You can ask for the removal of the Clerk but the Parish Council would not be under any legislative obligation to make it happen. From the information given, you have not demonstrated any proof that the Clerk has exercised any abuse of power.
answered by (13.5k points)
Interesting comment Graeme_r,as I would have thought that a member of the public has no right to request the removal of a Clerk as the Clerk is not elected...  It is like a member of the public insisting that a waiter be sacked because they have served them badly - it just cannot happen and would put the restaurant in a whole host of mess if they complied...
A member of the public can ask anything they want - the reality is as you say the same as your example with a waiter.
0 votes
There is nothing to stop a parishioner from raising such a matter at a council meeting under public participation or, if the council does not allow for that, just write in and ask that your proposals be discussed at the next council meeting.  Try to be as clear as possible about what you see as the advantages of the council taking up responsibility for the said piece of land and set down the legislation that would enable the council to act.

If you don't feel you can produce written proposals, go along to the next Annual Parish Meeting and voice your ideas. You may even manage to rally support from other parishioners present.
answered by (770 points)
0 votes
Trees are always an emotive subject and often a battle of wills. However I agree the Clerk has not stepped out of line, in fact I would be surprised if she hasn't already run her reply past the Chair or Vice Chair before clicking send. I know our Clerk almost certainly would. Often people send in tree complaints almost on a whim so it is sometimes difficult to know which do really need more attention from an email.

Following up the email with your personal representation (and neighbour supoort if pos) at a monthly meeting will carry more weight than an email alone. If I were you after making your point I would suggest that you ask of the Parish Council if they could help you and your neighbours by asking the main council Tree Officer to visit and inspect the trees in question. You can of course request a Tree Officer visit yourself but it is that bit more likely to acheive the results you obviously desire if there is support from your PC which in turn has been gained by requests from more than just yourself (ie your neighbours) Probably also a good idea to ask if you could be present at the Tree Officer's visit.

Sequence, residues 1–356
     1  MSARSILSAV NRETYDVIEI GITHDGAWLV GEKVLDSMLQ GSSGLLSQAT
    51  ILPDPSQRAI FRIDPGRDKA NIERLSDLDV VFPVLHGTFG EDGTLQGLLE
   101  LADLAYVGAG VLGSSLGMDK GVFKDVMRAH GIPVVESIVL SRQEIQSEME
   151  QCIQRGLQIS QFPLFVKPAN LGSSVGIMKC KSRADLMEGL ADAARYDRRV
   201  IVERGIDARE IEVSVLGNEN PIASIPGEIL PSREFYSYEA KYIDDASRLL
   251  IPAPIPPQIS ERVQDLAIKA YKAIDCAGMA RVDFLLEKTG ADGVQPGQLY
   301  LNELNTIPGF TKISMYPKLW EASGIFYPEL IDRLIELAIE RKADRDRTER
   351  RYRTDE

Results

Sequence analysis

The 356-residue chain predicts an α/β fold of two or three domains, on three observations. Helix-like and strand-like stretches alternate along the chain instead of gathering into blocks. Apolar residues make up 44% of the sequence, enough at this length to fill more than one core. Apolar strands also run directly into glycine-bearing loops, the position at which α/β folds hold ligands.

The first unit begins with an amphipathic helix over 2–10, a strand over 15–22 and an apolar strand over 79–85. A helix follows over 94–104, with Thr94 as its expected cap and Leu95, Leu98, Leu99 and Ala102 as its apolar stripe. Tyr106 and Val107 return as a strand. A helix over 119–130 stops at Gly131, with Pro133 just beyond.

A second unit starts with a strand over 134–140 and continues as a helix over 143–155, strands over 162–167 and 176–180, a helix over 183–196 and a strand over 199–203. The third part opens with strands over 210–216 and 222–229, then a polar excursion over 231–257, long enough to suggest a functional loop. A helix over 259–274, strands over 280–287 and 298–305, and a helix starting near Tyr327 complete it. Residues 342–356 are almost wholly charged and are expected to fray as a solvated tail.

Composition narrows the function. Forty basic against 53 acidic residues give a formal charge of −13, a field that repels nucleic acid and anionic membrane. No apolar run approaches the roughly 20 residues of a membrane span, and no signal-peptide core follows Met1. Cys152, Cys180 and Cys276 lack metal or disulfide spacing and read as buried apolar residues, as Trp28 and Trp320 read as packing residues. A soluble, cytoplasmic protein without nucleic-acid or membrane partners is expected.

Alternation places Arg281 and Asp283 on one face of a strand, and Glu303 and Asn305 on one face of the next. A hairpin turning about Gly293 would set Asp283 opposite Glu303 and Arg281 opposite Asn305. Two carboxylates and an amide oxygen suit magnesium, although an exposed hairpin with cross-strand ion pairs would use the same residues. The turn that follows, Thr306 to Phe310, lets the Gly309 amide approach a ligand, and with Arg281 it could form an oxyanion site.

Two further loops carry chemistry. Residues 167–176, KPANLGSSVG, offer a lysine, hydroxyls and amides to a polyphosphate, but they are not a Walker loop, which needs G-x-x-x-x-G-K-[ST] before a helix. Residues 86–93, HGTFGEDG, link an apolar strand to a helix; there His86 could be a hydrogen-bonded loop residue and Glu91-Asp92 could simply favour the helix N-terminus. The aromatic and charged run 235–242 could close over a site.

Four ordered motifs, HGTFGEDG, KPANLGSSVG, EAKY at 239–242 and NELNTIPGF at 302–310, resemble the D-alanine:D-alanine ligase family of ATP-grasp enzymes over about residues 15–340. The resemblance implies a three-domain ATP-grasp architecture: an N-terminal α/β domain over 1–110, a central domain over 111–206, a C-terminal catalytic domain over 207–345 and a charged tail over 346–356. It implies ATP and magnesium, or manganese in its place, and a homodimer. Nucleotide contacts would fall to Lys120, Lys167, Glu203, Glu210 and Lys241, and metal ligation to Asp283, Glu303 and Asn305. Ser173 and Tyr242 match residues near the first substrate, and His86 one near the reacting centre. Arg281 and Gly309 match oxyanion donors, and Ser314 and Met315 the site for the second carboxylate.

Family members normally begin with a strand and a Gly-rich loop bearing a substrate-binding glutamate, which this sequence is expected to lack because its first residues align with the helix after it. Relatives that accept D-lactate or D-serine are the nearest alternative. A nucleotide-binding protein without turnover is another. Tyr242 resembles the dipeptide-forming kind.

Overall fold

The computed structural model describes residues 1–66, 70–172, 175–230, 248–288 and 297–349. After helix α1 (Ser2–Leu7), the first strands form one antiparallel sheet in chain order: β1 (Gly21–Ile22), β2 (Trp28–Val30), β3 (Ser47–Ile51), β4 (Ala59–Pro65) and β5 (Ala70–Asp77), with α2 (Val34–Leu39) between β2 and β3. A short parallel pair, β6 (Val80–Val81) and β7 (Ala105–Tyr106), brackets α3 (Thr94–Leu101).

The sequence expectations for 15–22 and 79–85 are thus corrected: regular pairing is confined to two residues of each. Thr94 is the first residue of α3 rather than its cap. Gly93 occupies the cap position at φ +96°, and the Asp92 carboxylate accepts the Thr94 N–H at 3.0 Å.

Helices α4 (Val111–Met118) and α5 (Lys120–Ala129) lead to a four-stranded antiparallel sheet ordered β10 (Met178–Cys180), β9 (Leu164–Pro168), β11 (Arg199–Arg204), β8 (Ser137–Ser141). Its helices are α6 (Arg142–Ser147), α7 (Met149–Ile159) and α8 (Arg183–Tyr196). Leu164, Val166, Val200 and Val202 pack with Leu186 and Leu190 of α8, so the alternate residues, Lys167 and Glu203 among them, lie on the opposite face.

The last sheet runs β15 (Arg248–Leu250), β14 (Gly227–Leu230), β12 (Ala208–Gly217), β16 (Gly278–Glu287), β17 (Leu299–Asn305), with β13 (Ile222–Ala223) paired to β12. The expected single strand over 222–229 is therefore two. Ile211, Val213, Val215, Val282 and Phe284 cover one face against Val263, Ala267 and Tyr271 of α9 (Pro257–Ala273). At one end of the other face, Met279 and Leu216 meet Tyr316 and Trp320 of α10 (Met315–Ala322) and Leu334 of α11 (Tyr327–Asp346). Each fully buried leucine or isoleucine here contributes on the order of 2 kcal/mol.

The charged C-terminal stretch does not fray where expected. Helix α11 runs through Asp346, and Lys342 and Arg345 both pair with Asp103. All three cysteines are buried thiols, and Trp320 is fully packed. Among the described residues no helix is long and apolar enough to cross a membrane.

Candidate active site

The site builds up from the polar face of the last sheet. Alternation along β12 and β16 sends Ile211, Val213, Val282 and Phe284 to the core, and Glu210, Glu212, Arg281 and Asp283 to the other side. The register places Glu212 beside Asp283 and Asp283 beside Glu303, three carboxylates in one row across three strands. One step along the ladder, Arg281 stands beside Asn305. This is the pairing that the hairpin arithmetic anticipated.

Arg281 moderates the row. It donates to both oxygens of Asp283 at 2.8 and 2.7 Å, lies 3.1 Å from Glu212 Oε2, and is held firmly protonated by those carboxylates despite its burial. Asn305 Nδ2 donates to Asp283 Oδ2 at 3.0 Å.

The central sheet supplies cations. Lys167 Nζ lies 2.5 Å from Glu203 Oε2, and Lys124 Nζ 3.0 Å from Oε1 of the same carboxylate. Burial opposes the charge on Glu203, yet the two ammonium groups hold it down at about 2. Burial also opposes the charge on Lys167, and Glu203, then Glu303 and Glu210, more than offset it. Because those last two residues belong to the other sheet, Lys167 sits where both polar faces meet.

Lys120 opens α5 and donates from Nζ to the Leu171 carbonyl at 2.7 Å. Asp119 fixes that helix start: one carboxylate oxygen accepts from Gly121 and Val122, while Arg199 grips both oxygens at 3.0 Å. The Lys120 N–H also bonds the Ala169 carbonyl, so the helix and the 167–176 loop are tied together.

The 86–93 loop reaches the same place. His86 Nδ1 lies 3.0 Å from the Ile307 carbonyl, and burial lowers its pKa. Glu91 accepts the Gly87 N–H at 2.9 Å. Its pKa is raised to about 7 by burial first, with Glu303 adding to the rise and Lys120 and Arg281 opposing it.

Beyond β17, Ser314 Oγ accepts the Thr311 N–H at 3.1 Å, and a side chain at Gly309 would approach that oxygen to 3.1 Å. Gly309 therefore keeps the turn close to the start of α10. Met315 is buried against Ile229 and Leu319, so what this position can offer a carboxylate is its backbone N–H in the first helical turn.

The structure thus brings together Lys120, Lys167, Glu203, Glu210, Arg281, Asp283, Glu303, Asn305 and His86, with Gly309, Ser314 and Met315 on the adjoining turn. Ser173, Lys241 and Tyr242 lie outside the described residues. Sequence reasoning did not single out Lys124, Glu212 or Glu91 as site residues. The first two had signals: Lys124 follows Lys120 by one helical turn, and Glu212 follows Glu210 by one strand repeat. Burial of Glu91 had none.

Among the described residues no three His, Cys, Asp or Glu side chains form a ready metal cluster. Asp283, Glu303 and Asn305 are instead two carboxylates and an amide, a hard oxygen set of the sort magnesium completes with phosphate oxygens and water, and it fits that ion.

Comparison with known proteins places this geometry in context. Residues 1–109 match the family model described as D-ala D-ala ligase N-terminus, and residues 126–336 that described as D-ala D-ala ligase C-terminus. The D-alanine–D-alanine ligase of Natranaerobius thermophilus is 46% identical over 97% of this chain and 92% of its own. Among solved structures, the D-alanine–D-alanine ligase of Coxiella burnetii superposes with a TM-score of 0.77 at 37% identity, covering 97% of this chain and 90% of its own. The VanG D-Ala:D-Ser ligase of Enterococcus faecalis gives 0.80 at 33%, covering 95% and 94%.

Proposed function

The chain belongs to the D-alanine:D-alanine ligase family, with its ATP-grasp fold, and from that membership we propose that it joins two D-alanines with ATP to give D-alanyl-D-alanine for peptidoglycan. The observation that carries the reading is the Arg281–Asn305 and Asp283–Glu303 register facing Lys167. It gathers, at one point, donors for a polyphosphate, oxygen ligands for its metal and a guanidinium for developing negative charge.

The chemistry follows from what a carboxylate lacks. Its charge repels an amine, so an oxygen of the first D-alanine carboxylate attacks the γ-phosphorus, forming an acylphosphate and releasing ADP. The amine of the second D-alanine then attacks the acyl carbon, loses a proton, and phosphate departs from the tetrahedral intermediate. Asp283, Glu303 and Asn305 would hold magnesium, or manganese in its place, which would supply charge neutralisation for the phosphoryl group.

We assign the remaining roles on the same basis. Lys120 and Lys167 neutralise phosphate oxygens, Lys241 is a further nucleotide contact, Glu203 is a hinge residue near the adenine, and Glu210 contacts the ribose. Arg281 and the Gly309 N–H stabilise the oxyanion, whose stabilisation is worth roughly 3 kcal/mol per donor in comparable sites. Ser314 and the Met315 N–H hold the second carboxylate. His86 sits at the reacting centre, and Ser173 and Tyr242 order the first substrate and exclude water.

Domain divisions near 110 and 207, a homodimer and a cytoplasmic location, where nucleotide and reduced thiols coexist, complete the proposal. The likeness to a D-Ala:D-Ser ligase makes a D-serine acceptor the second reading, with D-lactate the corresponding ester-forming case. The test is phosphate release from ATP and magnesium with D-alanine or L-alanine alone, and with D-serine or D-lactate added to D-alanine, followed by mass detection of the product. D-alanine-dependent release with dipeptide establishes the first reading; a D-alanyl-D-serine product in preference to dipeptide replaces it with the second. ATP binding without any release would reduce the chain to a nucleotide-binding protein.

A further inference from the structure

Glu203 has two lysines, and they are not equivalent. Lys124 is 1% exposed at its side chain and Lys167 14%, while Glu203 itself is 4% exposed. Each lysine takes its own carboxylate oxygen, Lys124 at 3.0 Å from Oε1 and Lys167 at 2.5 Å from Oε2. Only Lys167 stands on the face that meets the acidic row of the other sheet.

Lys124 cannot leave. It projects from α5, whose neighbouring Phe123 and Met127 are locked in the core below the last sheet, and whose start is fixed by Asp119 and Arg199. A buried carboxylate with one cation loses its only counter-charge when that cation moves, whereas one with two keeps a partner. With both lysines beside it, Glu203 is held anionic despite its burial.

As far as I can recall even a TPO listed tree would not be allowed to threaten property or personal wellbeing and a Tree Officer's inspection should at least either provide peace of mind on that score or conversely start the ball rolling to make the trees safe one way or another. The none ownership of land will surely be a problem, and the need to investigate this (probably and frustratingly for not the first time) will slow things down but if the trees are deemed to be unsafe by the Tree Officer he/she can not turn a blind eye to that fact.

While nobody of an official capacity is acknowledging that there is a problem then there is no problem to be dealt with. You need to get official recognition that there is a present danger and then you can start leveraging that fact.
answered by (430 points)
0 votes
It’s not unusual for pockets of land to have no owner we have a busy track giving access to land owned by three separate local authorities and every one passes the buck even thought its dangerous
As the trees are next to a stream if they fall I assume they will obstruct it and possibly cause flooding so if I was you I’d approach the Environmental Agency
answered by (1.9k points)